Four sports memorabilia dealers who pleaded guilty to fraud charges last year over the sale of jerseys they falsely represented as game worn are now serving their time in the federal prison system while another is on court-ordered probation.
Jarrod Oldridge, 39, the owner of JO Sports Co, is one of 2,290 inmates at a facility in Taft,CA. Sentenced to six months, he’s scheduled to be released on August 3. The prison is a contracted correctional institution, operated by a private corporation.
Bernard Gernay, 39, of Howell, NJ, who ran Pro Sports Investments, is at the Federal Correctional Institution at Fort Dix, NJ. He’s one of 4,750 inmates there and is scheduled for release on July 4 after also serving a six-month sentence. Fort Dix is a low security federal correctional institution with an adjacent minimum security satellite camp.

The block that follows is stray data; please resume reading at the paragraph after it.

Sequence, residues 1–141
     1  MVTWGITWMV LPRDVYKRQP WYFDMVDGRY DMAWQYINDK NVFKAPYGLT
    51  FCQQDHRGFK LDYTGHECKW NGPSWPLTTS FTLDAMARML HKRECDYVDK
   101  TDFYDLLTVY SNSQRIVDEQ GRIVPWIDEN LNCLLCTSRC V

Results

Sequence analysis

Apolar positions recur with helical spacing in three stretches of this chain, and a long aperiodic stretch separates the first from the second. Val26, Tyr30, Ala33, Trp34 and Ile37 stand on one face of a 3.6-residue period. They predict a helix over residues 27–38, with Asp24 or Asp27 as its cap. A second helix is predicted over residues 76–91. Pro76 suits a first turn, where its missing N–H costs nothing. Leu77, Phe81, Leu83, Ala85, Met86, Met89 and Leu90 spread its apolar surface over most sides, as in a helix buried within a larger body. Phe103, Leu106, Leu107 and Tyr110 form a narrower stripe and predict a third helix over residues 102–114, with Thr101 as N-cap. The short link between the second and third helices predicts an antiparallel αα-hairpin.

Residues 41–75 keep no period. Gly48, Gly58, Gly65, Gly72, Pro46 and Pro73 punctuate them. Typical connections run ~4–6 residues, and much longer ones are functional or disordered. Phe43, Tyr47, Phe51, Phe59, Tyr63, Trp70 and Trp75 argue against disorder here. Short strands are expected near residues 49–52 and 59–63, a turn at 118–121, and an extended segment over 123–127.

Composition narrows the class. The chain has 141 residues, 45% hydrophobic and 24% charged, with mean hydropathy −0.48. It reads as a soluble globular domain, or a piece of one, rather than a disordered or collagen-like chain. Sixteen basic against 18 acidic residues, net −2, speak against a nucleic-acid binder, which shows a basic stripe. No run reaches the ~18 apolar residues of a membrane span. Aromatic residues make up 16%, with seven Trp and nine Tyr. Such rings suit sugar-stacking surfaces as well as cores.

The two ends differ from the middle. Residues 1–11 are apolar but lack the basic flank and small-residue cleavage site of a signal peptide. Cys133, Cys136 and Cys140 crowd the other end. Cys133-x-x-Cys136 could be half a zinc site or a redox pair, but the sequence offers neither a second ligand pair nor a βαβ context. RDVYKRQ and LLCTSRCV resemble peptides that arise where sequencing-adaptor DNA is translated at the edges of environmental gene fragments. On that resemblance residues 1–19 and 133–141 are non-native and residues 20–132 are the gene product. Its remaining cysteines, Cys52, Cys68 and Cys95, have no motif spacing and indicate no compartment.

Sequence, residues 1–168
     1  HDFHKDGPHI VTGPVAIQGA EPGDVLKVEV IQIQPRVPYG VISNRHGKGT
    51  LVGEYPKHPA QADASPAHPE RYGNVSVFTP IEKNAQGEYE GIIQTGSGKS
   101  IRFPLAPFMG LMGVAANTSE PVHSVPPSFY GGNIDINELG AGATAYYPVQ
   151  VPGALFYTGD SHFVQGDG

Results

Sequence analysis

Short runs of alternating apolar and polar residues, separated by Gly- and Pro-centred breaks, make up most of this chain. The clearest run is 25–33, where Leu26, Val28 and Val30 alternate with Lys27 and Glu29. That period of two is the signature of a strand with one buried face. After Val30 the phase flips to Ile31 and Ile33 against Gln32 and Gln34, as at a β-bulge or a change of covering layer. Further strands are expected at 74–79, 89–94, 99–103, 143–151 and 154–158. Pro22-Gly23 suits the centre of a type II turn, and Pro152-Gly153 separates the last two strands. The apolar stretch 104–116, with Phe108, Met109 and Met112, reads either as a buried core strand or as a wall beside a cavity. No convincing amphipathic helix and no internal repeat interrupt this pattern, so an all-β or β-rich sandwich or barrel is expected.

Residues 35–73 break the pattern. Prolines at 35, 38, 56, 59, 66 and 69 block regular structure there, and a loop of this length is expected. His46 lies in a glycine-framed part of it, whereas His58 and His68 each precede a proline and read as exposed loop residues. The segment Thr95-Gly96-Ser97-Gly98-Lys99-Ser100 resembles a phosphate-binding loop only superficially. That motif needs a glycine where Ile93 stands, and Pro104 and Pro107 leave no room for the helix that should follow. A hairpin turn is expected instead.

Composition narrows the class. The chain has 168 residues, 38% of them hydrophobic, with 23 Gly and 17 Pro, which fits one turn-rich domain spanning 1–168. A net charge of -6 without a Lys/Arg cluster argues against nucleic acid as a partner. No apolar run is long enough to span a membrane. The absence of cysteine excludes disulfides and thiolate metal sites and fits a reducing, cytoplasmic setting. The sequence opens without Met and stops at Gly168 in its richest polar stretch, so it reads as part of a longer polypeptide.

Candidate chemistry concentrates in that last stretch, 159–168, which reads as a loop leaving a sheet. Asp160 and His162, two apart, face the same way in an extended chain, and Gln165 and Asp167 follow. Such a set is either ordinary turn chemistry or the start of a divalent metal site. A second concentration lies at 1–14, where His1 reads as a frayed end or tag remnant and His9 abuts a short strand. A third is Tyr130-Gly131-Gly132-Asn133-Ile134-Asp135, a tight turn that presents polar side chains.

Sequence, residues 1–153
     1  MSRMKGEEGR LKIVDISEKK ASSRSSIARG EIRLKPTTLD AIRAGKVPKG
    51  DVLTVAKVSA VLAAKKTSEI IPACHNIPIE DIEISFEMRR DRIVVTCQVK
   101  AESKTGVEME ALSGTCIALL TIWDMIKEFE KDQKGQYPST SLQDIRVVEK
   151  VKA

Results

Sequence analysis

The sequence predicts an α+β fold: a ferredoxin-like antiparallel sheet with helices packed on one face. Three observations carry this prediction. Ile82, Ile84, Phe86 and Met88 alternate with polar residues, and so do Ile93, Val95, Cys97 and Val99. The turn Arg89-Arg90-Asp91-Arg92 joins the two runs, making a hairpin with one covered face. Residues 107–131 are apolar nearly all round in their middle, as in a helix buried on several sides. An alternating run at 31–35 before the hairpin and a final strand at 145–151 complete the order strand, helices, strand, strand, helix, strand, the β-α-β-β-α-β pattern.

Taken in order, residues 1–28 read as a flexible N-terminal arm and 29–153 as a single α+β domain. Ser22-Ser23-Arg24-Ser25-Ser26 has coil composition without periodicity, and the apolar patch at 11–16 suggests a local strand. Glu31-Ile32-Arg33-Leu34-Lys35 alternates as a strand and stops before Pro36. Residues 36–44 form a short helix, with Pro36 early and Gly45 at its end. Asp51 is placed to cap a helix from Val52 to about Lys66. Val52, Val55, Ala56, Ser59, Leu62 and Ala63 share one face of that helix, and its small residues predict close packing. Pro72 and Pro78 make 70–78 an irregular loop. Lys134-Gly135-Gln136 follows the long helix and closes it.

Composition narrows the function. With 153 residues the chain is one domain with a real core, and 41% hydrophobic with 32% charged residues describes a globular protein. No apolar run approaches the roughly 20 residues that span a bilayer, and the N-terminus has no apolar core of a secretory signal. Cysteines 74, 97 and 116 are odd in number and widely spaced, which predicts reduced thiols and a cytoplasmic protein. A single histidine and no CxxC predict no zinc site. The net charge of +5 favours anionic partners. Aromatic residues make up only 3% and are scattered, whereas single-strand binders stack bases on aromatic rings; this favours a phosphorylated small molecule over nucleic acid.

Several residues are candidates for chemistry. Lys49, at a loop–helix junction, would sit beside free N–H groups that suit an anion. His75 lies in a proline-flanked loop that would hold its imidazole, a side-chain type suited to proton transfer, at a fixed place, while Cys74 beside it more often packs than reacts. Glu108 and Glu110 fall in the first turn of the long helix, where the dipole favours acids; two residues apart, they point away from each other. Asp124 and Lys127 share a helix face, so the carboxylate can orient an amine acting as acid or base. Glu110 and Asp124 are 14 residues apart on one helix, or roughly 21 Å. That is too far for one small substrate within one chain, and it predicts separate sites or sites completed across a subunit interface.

Bradley Wells, 32, of St. Petersburg, FL, who operated Authentic Sports, Inc. and Historic Auctions is among 733 inmates at the Federal Prison Camp in Pensacola, FL, a minimum security facility, and is scheduled for release July 1 after his six month sentence.
Bradley Horne, 41, of Sunset, SC, who owned Authentic Sports Memorabilia, is one of 2,219 inmates serving time at the FCI in Edgefield, SC, also a minimum security facility, and is slated to be released April 4 after three months of confinement.
According to plea agreements, each case involved the sale, consignment, or auction of jerseys which they represented to buyers were “game used,” when they were not. The dealers admitted they were involved in the purchase of hundreds of jerseys they intended to sell as game worn.
Some of the evidence obtained by FBI agents included fake jerseys and jersey swatches that were sold to trading card companies.
All four men will serve three years probation time following their release from prison.
Steven Jensen, who ran Minnesota-based Vintage Authentics, was given three years probation including four months on home detention last year for his involvement in the sale of bogus jerseys. He was taken away in handcuffs at the National Sports Collectors Convention in Chicago in 2011 after postal inspectors came to his booth during the show. Jensen cooperated in the FBI’s investigation.